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Parks Sharply Criticizes Rampart Study

Former chief says report overlooks important questions. Other officials praise findings but say plan to add officers is unrealistic.

July 13, 2006|Jim Newton and Patrick McGreevy | Times Staff Writers

Los Angeles City Councilman Bernard C. Parks, who served as chief of the LAPD from 1997 to 2002, on Wednesday denounced a new analysis of the department's Rampart Division scandal as the illogical work of self-proclaimed experts who failed in the task assigned to them.

"It's like putting your arms around smoke," he said of the report, adding that it was a collection of innuendo and hyperbole rather than serious analysis of the department.

Parks was not chief when the Rampart officers engaged in most of the misconduct that produced the scandal, but he did oversee the LAPD's own inquiry into the matter. In an interview Wednesday, he said the report -- written by a longtime critic of him, civil rights attorney Connie Rice -- missed the chance to delve into the scandal and instead departed into a philosophical examination of how Los Angeles polices itself.

The panel then fell short, he added, by relying on interviews with police officials who had their own biased perspectives on that issue.

Time and again, Parks said, the report from the Blue Ribbon Rampart Review Panel misses the important questions: Asked to examine the extent of police corruption in the Rampart Division, just west of downtown, it instead cites the decline in crime around MacArthur Park as a sign of improvement.

Confronted with evidence that unauthorized weapons were discovered in police cars after the Rampart scandal, the report surmises that department misconduct may be resurgent without considering that suspects might have left those weapons, he said.

Rather than support the report's recommendations, Parks argued that the city would be best served by pressing the LAPD to live up to the letter and spirit of a consent decree that commits the department to reforms overseen by a federal judge.

While Parks criticized the report's findings and methodology, other Los Angeles leaders embraced most of its conclusions, although they too questioned whether it was practical to expect to add thousands of new officers, as the document recommends.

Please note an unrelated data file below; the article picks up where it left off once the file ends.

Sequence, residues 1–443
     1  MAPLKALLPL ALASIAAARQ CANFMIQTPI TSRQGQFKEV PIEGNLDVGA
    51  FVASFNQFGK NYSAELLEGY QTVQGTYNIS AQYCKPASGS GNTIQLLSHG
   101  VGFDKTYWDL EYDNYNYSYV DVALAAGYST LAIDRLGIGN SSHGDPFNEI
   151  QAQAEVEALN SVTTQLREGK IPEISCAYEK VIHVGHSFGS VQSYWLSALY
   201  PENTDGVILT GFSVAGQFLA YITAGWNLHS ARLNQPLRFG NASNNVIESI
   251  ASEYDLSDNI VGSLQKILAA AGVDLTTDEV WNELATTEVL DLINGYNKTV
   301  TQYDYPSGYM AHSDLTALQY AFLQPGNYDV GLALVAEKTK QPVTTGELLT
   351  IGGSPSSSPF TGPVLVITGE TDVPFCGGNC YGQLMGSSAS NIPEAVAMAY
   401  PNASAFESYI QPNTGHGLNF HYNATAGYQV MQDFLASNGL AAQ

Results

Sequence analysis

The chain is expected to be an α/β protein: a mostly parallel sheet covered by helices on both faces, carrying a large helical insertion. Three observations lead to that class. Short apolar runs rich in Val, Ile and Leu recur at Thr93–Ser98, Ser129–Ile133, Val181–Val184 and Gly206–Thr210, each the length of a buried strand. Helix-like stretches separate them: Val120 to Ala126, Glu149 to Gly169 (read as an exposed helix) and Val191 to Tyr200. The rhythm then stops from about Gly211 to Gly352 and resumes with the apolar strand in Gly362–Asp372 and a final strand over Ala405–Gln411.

The panel endorsed a plan written by Police Chief William J. Bratton that would expand the force by more than 3,000 officers.

"I believe we do need a lot more police," Mayor Antonio Villaraigosa said, noting that the city recently raised trash fees to pay for 1,000 more officers over the next five years. But moving any faster to add more would be politically and practically difficult, he said.

"A thousand officers is our first-phase commitment," Villaraigosa said, "but I will hope that some other mayor, or maybe [I] in my second term, will continue to build on that."

The mayor said that for now the city lacks the money -- and the recruits -- to go beyond adding 1,000 officers to the 9,288-member force.

Police Commission President John Mack defended the recommendations even as he said some would be difficult to carry out.

"It's an extremely significant and insightful document and an important call to action for the Los Angeles Police Department, the Police Commission and elected officials," Mack said.

The commission appointed the panel to produce a final accounting of the 1999 Rampart scandal, in which nine officers were charged with crimes and 23 were either fired or suspended. The commission has scheduled a meeting for 4 p.m. today at City Hall to discuss the recommendations.

The panel called for a significant expansion of the force and a shift in its policing style to a more community-friendly, problem-solving model.

Civil rights leaders hailed the report for bringing new and especially forceful attention to an old complaint.

"It will help to focus on the problem so people won't forget it -- the problem being out-of-control officers," said John Trasvina, interim president of the local chapter of the Mexican American Legal and Educational Fund.

The panel found that the Rampart Division has experienced a turnaround to "high road" policing that involves collaboration with the community.

However, the panel also said other LAPD divisions still suffer from lax supervision of officers and are still alienating minority and poor communities.

In addition, the panel criticized the county's criminal justice system, calling for a performance and integrity audit to determine whether checks are in place to prevent the innocent from being convicted.

That drew a lengthy response from Los Angeles Dist. Atty. Steve Cooley, who said the report "fails to cite significant reforms" that he has made.

The prosecutor stopped short of endorsing an audit of the criminal justice system, but said the panel's report is helpful.

"The ball is now in our court -- police, prosecutors, defense lawyers, judges and others -- to ensure that the necessary changes are made to spot corruption of and within the justice system early," Cooley said.


Times staff writer Scott Glover contributed to this report.

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